In this major reassessment of George Herbert Walker Bush, the 41st president of the United States, his former Chief of Staff offers a long overdue appreciation of the man and his universally underrated and misunderstood presidency.
“I’m a quiet man, but I hear the quiet people others don’t.”—George H. W. Bush
In this unique insider account, John H. Sununu pays tribute to his former boss—an intelligent, thoughtful, modest leader—and his overlooked accomplishments. Though George H. W. Bush is remembered for orchestrating one of the largest and most successful military campaigns in history—the Gulf War—Sununu argues that conventional wisdom misses many of Bush’s other great achievements.
During his presidency, the Berlin Wall fell and the Soviet Union collapsed. Bush’s calm and capable leadership during this dramatic time helped shape a world in which the United States emerged as the lone superpower. Sununu reminds us that President Bush’s domestic achievements were equally impressive, including strengthening civil rights, enacting environmental protections, and securing passage of the Americans with Disabilities Act and the 1990 agreement which generated budget surpluses and a decade of economic growth.
Sununu offers unparalleled insight into this statesman who has been his longtime close friend. He worked with Bush when he was vice president under Ronald Reagan, helped him through a contentious GOP primary season and election in 1988, and as his chief of staff, was an active participant and front-row observer to many of the significant events of Bush’s presidency. Reverential yet scrupulously honest, Sununu reveals policy differences and clashes among the diverse personalities in and out of the White House, giving credit—and candid criticism—where it’s due.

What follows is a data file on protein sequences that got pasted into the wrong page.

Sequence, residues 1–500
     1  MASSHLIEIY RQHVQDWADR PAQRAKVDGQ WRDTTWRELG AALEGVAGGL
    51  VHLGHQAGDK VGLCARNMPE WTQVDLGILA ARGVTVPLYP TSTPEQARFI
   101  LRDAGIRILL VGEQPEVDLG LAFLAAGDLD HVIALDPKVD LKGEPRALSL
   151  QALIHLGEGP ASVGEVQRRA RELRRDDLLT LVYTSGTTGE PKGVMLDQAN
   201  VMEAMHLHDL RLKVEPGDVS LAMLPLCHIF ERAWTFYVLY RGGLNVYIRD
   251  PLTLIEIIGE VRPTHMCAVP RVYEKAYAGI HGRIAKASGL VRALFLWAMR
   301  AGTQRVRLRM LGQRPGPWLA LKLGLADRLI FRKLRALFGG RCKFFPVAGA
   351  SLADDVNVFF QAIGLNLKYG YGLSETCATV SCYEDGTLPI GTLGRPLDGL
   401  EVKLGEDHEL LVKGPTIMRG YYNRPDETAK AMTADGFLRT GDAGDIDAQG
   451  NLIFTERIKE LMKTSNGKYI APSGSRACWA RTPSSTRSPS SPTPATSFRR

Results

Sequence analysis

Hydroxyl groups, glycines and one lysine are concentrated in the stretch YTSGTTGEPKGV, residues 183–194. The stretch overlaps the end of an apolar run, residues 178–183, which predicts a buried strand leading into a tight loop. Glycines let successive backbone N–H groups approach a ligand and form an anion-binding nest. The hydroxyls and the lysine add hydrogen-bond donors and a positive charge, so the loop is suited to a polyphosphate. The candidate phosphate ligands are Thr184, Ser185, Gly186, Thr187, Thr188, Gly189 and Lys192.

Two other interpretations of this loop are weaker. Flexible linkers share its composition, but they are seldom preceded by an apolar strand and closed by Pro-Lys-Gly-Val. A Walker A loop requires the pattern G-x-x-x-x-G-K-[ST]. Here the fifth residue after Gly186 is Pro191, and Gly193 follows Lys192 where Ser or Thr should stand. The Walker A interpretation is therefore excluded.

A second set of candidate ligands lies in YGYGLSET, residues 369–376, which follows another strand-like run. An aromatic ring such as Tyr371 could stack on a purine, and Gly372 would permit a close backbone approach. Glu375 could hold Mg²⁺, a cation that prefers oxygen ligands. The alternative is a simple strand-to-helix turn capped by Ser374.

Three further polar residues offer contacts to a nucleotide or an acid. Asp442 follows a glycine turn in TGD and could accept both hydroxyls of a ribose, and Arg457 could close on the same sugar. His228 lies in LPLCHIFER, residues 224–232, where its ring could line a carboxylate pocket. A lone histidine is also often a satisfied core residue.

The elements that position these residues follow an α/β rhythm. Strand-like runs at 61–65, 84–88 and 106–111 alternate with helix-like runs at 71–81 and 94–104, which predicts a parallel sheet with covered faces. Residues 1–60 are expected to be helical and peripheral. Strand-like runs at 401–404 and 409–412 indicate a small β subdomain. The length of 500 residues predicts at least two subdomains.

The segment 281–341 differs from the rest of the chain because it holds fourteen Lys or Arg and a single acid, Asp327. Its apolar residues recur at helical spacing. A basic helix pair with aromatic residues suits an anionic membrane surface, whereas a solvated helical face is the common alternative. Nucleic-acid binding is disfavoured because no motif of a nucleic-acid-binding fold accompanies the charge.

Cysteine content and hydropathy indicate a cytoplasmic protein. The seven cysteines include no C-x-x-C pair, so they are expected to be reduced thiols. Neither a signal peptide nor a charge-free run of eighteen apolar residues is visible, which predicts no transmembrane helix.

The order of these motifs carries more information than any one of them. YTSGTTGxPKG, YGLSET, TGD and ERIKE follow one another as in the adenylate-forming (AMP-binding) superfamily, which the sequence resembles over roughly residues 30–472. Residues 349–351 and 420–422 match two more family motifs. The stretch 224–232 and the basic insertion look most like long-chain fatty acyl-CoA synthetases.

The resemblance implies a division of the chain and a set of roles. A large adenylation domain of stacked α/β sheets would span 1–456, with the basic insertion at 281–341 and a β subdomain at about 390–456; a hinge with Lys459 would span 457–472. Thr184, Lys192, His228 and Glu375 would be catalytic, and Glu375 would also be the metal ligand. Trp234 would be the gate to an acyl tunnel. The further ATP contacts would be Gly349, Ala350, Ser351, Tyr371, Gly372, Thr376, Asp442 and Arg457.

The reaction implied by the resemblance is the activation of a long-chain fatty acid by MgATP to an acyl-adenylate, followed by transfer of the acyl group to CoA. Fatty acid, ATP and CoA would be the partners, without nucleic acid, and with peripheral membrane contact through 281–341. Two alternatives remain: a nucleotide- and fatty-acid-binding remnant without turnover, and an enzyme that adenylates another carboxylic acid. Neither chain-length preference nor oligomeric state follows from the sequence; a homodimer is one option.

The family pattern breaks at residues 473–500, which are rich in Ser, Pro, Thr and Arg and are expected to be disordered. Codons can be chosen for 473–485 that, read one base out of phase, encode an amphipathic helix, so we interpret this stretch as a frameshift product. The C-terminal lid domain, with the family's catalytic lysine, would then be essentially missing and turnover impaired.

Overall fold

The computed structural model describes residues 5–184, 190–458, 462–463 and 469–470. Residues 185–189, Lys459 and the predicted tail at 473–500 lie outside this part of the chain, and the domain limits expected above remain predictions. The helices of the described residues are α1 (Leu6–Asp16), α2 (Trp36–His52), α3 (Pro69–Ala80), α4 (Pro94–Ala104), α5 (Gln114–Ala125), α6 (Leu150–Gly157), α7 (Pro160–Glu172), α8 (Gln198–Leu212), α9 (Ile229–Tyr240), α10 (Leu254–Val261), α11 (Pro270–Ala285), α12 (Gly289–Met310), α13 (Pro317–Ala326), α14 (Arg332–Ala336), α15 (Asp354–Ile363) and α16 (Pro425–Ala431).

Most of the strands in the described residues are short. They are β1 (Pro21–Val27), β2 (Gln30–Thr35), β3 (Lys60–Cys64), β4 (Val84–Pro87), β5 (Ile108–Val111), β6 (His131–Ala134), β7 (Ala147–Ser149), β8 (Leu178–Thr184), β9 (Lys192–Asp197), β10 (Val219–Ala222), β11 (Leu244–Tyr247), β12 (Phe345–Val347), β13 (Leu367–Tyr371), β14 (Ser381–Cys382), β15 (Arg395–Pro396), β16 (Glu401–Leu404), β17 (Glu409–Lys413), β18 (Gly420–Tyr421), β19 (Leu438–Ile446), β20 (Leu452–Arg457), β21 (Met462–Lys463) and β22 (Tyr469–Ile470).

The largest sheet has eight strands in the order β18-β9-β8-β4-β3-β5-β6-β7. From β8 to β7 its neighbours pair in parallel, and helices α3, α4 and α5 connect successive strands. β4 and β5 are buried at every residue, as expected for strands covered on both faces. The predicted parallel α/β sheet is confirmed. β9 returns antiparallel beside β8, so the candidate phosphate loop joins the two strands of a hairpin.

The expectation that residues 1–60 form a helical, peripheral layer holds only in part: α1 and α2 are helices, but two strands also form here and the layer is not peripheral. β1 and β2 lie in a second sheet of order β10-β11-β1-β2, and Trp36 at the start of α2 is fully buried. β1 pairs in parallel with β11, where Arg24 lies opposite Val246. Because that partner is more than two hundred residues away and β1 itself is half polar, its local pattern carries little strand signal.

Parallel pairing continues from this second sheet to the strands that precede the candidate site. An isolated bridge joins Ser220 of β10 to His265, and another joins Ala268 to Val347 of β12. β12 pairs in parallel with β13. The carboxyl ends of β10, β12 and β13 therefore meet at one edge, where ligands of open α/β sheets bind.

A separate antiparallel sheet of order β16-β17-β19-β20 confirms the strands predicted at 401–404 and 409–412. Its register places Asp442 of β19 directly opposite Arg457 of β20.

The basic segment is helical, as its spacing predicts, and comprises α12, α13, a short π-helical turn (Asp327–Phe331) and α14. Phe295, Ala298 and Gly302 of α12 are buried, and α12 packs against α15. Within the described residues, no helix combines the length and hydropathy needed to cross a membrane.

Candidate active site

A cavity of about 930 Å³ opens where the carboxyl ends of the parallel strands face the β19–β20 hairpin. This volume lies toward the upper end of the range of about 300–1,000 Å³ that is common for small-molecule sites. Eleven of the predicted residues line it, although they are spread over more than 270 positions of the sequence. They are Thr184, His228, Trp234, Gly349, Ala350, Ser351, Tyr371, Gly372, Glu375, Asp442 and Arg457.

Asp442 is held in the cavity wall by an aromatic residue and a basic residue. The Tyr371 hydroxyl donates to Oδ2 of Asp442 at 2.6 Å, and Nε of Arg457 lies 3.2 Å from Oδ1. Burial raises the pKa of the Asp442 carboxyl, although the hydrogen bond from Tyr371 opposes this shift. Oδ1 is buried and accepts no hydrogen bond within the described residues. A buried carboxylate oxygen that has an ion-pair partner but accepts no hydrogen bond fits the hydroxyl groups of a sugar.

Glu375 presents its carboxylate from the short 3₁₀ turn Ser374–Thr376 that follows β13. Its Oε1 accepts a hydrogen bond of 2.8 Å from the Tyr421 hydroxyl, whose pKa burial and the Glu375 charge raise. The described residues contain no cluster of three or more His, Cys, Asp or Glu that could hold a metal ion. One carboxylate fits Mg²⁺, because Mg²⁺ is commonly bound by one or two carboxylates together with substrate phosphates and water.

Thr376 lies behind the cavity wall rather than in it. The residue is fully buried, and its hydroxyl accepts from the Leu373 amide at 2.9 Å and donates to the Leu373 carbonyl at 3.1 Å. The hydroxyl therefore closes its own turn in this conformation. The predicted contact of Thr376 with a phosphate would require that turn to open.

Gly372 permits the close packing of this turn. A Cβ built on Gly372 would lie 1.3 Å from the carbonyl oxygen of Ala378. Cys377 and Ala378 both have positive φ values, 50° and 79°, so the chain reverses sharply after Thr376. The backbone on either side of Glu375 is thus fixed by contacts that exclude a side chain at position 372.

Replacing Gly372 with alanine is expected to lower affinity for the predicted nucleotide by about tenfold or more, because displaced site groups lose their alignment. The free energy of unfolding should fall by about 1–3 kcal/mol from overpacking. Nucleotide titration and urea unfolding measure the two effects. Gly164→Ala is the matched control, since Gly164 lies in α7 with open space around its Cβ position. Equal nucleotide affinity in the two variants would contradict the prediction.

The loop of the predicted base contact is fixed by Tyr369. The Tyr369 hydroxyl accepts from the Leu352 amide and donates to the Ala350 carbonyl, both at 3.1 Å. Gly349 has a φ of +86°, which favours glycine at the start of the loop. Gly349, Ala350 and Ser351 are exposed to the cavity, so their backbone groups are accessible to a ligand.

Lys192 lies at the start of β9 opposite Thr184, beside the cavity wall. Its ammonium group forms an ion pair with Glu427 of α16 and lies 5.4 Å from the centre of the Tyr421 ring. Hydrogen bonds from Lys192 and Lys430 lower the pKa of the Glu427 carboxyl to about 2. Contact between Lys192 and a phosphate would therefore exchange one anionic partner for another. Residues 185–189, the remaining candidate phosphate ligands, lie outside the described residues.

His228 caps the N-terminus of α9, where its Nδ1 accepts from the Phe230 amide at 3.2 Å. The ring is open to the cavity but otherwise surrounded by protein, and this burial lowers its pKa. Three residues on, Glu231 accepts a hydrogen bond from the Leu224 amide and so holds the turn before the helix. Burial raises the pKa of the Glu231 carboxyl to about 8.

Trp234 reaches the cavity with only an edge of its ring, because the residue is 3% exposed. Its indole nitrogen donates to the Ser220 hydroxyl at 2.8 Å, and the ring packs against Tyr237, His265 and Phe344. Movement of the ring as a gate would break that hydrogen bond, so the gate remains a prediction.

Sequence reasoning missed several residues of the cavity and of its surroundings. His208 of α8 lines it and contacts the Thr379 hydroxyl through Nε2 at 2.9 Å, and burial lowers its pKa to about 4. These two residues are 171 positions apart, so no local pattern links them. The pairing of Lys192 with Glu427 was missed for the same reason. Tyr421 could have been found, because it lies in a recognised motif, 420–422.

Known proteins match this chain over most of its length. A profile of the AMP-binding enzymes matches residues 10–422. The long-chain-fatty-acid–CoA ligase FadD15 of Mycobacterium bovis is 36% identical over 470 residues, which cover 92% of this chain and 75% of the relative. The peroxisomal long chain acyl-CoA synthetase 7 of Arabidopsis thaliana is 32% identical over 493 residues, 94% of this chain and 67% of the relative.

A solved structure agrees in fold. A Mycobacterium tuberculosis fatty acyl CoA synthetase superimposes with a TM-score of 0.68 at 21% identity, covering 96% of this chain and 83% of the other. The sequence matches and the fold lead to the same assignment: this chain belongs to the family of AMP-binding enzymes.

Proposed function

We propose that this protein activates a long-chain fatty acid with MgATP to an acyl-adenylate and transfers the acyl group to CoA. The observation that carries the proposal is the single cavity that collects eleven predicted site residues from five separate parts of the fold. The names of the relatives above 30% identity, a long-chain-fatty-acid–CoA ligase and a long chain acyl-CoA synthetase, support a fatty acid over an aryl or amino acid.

The Quiet Man goes behind the scenes of this unsung but highly consequential presidency, and illuminates the man at its center as never before.
Sununu, an engineering dean at Tufts University and three-term governor of New Hampshire, became President George H.W. Bush's White House chief of staff after playing a key role in the contentious 1988 New Hampshire primary. Since leaving government, he has been a prominent talking head on cable television. This chronicle recounts the 1989 1993 Bush presidency. It's easy to see why Bush and Sununu got along in respective roles as Good Cop and Bad Cop. Both were smart, capable technocrats. Bush was calm and personable; Sununu was protective, brusque, and partisan. The author's loyalty to his former boss is absolute, unswerving, and reverential. He witnessed profoundly important transitions in geopolitics, including the Gulf War and fall of the Soviet Union, recounted here in valuable detail. Readers encounter Margaret Thatcher and Mikhail Gorbachev working behind the scenes during the collapse of the USSR. They also encounter the riveting backstory to Operation Desert Storm. Supporting players in this account include Brent Scowcroft, George Mitchell, Bob Dole, Richard Darman, and Tom Foley. It is marred by the unwise choice to stress Bush's unmemorable domestic record along with his adroit foreign policy. The boastful, idiosyncratic superstructure precludes much distanced analysis or balanced assessment. This seemingly unghosted, honestly wrought political memoir nonetheless makes for a valuable addition to the literature on the 41st president of the U.S.